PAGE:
1. They're not from the PT themselves, but supplementary material added much later.
2. They're directly contradicted by what's in the PT.

I've never lived in a shithole space opera setting where beggars can't be choosers either. =P
Starship pilots can get food from other places than random slaves.

And again x2, most people who come to be on Jakku and trading with Unkar do so by choice.
Why in hell do these people with all this valuable stuff trade with the dude that only pays people in food? Notable in your extract, the droid doesn't eat food, so she has to trade in spare parts and jokes, because she has nothing else.

Tatooine from the Jedi Order at a time they believed their operations would last for another thousand years. We did hear intention of doing something about slavery on Tatooine from Leia at a time she believed she was in a position of influence in what she also believed was a political atmosphere friendly to rebellions (all of which got shot to hell shortly thereafter).
But she didn't. We do know the Jedi brought down that Egyptian cat empire in the Clone Wars, and we know that the Resistance is aware of the slaves in Canto Bight (it's no secret, Rose, resistance grunt,casually brings it up). If the lack of fleet support is sufficient excuse for Leia to not liberate slaves, surely it applies to the Jedi as well, who also do not have a fleet.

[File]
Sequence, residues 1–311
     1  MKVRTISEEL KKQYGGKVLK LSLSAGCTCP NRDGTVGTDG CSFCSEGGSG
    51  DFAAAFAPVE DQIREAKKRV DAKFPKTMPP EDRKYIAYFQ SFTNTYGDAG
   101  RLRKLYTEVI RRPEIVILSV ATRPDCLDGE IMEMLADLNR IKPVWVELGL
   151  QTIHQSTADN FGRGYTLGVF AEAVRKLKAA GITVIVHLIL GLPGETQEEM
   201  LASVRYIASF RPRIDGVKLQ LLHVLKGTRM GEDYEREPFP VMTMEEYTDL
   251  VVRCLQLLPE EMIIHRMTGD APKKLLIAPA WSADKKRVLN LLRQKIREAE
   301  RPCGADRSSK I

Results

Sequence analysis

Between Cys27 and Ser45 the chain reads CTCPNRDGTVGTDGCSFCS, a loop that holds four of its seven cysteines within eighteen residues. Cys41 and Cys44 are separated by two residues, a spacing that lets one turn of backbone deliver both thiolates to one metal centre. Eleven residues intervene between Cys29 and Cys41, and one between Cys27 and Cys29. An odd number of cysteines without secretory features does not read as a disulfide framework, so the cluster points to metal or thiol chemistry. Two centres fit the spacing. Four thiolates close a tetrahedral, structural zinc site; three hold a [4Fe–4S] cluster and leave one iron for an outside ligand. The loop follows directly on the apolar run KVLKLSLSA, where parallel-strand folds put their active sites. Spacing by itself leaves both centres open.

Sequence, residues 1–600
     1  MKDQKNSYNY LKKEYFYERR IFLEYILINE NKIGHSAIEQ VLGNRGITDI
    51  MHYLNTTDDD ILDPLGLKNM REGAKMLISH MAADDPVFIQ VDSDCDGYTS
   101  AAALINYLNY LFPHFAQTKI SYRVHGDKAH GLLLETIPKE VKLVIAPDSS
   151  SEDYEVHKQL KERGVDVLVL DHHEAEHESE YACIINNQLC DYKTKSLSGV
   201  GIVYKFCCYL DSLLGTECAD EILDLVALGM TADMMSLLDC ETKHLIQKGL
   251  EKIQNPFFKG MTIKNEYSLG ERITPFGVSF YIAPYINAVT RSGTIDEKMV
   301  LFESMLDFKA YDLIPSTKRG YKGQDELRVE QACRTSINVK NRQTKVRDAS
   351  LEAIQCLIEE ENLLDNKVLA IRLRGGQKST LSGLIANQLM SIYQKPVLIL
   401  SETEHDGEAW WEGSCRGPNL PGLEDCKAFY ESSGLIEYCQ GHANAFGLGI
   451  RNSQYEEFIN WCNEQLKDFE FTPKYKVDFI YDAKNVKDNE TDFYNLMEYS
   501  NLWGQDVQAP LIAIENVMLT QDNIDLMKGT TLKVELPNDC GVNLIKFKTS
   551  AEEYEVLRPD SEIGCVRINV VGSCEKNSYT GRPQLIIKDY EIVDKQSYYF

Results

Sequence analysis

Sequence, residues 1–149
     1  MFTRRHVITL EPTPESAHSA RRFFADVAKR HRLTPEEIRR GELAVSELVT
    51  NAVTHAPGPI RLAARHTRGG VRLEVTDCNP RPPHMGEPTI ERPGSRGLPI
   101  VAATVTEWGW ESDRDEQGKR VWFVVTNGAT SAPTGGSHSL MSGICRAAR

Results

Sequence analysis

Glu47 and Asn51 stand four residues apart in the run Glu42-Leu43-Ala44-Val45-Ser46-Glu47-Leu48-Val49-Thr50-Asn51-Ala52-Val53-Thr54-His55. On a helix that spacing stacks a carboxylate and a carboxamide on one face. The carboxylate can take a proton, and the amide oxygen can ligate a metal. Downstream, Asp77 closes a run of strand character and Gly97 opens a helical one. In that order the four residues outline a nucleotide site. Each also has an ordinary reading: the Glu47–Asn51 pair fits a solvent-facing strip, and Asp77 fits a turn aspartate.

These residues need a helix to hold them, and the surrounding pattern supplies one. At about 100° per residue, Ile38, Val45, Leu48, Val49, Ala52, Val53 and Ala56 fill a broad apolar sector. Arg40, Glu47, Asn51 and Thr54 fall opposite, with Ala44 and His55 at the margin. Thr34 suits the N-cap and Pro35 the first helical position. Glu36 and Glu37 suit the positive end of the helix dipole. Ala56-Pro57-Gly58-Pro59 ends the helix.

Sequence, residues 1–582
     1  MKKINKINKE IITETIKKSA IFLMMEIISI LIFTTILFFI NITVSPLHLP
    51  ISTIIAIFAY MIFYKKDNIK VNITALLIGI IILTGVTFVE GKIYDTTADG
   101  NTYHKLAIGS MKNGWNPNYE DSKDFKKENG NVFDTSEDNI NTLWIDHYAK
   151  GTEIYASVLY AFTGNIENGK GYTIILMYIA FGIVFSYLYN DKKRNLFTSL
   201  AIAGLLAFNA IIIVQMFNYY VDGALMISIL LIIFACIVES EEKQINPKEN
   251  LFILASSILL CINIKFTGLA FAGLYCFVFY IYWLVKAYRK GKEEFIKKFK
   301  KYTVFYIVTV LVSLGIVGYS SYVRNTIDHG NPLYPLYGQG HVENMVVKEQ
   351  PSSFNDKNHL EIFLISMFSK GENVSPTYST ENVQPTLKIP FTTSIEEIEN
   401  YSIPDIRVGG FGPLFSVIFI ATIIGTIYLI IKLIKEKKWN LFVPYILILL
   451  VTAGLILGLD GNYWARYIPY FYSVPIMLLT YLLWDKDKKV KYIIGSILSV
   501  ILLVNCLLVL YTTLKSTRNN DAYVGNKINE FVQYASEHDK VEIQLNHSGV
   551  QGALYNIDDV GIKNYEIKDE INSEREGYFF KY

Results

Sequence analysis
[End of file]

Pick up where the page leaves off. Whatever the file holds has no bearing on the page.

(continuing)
So we are still talking about the PT then? :awesome:
There's no required reading in the PT. There's supplementary reading, but the basic plot stands on its own fine. A few years ago, I knew no Star Wars lore, I only looked into it because Starkiller Base's attack makes no sense unless you read a lot of stuff about unknown regions and disarmament which isn't mentioned anywhere in the films. Although this may be a matter of opinion of course.